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The Display Canvas

Video for public art serves community and commerce

This year, a milestone real estate project in Charlotte, North Carolina debuted with an atmospheric, generative work of video art, displayed on the world’s largest 4K display at 64 by 36 feet.

This dramatic display goes beyond the concept of digital signage and makes statement about the changing nature of public art and architects’ relationship to video display.

Legacy Union, a 10-acre, mixed-use development is a community gathering place that pays homage to Charlotte’s past while celebrating the promise of its future.

A mesmerizing video artwork—“Unify”—brings that community message to life on a massive scale in the lobby of the property’s inaugural building. An ever-changing swirl of colors is driven by a complex algorithm; the behavior of each pixel influences the others around it— color, movement, and sound recombine in a complex and interconnected dance—never displaying the same visuals twice.

The massive NanoLumnes wall is driven by an Extron Quantum Ultra 610 videowall processor, serving content designed by Second Story. Founded in 1994, Second Story is a network of experiential design studios with locations in Portland, Atlanta and New York. They’re part of a wave of branding and cultural design studios, and their award-winning work expands the palette of communication for public spaces and brands. This kind of work is changing how architects, city planners, and companies think about the video canvas and how to use it to create experiential moments and spaces.

“We’re overwhelmed and saturated with advertising,” says Joel Krieger, Second Story’s executive creative director. “It’s so refreshing to see more developers using canvases like this to inspire and enhance communities, built environments, and public spaces.”

For Legacy Union, the lobby wall serves as a dramatic statement, amplified in part by its marquee location adjacent to the Bank of America Stadium where the Carolina Panthers play. The building’s architects, designers, technology specialists and ownership saw the opportunity to do something new and exciting with the premium location, taking into consideration how the display would be experienced in many dimensions.

“We designed this space to project outward from the most visible spot, shining through the floor-to-ceiling front windows, across the street and into the open outdoor space between here and Bank of America Stadium,” said Hal Shute, Associate AIA at architecture firm LS3P, which designed the tower. “This is a world-class building, so we looked at cutting edge ideas and technologies that could bring the lobby and public space into the 21st century, while making a real impact on both the space’s design and its relevance to the community.”

With a total square footage nearly 3.5 times that of a highway billboard, the display dominates the space while also merging its design into the architecture itself. Because it was designed to be a native 4K display with a resolution of 4096×2304, any modern content can be shown without reformatting or special processing required, including Carolina Panthers games.

“The display is mounted flush with eight feet of natural stone on each end, so the wall really is a TV,” Shute added. “It was carefully designed to be seamless, to blend into the environment and not appear stuck-on, a trap some other buildings fall into when the technology is a secondary consideration and not a core piece of the design process.”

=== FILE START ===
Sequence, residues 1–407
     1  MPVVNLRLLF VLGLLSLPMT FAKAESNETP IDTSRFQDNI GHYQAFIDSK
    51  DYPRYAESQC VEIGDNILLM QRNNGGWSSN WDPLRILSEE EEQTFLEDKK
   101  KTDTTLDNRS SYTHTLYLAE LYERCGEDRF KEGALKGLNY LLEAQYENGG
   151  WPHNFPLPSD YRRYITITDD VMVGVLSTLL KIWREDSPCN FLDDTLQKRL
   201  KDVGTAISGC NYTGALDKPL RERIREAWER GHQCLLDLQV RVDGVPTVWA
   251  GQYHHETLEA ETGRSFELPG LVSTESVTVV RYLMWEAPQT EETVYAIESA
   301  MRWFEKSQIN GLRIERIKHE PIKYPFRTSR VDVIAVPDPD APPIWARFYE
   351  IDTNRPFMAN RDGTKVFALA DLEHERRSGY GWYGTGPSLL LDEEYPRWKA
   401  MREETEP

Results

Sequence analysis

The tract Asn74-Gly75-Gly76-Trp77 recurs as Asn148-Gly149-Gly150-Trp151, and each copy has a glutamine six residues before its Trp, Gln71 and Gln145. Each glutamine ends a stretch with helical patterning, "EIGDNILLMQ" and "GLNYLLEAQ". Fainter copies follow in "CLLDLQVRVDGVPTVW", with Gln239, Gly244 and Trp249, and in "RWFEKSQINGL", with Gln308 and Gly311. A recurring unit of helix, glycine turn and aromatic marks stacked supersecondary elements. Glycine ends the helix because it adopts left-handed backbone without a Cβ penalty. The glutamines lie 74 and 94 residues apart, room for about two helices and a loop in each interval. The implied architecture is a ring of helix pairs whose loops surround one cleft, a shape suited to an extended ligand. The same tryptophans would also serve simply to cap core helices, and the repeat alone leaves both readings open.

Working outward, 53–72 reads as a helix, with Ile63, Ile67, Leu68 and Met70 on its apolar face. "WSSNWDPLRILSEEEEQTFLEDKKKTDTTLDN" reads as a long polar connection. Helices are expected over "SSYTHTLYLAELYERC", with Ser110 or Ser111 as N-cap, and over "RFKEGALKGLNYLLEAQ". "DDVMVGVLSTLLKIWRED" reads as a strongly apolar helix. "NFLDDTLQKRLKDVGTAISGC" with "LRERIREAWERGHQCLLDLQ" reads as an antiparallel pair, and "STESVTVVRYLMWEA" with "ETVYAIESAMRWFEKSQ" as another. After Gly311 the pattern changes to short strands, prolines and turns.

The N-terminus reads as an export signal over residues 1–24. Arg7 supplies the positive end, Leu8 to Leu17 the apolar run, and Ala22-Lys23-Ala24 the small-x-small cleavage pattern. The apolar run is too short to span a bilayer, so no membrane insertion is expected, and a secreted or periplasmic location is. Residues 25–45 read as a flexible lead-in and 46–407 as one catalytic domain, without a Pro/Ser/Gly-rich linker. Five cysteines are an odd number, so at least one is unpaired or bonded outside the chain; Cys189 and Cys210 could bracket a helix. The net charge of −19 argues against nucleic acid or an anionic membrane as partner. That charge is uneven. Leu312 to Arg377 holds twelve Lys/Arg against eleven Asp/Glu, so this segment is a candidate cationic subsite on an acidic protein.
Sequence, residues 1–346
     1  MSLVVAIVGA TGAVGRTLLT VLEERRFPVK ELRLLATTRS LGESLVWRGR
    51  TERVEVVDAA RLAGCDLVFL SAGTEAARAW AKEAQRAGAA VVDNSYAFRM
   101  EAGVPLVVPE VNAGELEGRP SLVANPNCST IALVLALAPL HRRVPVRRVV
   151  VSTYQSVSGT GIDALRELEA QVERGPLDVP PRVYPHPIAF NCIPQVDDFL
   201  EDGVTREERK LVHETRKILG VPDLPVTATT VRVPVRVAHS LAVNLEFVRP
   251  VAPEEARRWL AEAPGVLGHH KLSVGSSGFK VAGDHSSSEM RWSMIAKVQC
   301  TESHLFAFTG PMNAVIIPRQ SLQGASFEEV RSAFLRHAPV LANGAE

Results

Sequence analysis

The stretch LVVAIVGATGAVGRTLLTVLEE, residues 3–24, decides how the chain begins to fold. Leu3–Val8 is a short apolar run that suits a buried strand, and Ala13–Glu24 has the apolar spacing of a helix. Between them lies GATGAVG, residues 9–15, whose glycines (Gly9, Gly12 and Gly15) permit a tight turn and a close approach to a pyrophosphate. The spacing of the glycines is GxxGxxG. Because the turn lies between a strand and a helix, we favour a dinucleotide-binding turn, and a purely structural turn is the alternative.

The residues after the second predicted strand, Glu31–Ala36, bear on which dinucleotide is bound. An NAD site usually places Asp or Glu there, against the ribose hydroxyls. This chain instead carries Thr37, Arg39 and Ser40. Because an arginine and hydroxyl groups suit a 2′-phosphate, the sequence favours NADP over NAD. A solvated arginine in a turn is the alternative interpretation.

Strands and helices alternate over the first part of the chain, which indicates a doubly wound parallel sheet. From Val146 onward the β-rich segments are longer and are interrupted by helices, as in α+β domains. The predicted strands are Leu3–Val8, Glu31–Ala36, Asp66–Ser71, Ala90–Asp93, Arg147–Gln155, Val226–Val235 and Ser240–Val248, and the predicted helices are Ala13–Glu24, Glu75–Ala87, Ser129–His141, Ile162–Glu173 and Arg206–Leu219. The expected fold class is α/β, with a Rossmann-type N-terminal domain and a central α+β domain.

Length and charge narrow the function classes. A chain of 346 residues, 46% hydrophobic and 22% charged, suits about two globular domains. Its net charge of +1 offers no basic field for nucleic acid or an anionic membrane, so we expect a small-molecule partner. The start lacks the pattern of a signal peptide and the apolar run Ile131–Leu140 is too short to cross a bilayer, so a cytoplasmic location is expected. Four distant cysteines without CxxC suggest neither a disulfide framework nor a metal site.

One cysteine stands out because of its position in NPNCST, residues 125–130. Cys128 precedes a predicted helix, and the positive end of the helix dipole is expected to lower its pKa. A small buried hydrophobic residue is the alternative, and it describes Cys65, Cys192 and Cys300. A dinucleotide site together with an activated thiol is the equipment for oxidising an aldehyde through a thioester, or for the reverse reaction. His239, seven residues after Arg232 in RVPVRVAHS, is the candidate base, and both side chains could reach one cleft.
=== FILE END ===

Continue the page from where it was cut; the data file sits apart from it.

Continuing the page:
To use a digital display as part of the space’s design, it had to meet certain criteria. First, the marble and concrete wall on which it would be affixed had already been solidified in the plans, so the ideal solution would be front-serviceable, and not require accessing the units from the rear. NanoLumens turned out to be one of the only display makers to use a front serviceable design.

Second, also due to infrastructure constraints, the display needed to be able to operate without adding any air conditioning or cooling equipment; NanoLumens designs its displays to cool by convection, so they don’t require forced air.

A display of this size and location also had to be perfect to make the impact the client desired, and Frank Milesky, Southeast Area Director for technology integration firm Cenero.

“In any lobby, you want to maximize the available space and limit intrusions into that space. Because NanoLumens displays do not require a third-party mounting system, the total depth ended up being much shallower than competitors,” Milesky said.

According to Arch Nelson, NanoLumens Southeast Sales Director, an additional reason the building’s owners and architects wanted to implement such a big display was to allow split-screen capabilities that still present larger-than-life imagery.

“One of the goals of this installation was to enable one enormous screen to be broken up into 16 smaller, but still huge screens, each 16 feet long and 9 feet tall,” Nelson says. “With any number of sources including cable boxes, computers, streaming services and digital signage software, the lobby’s living wall can become anything they want or need it to be. By choosing a 4K resolution at 4.7 mm, the client and signage operators can easily show any content at any time.”

Meet the Architect

Founded in 1963, LS3P operates from eight offices in Charleston, Columbia, Greenville, Myrtle Beach, Charlotte, Raleigh, Wilmington, and Savannah, LS3P has been honored with over 540 design awards in diverse practice areas.

Meet the Content Creator

Second Story provides design, content creation, software development, hardware engineering, and mixed reality. Its artists have created place-based visual experiences for clients including Coca-Cola, Intel, Bank of America, Hermes, Harvard, MoMA , Target and more. http://www.

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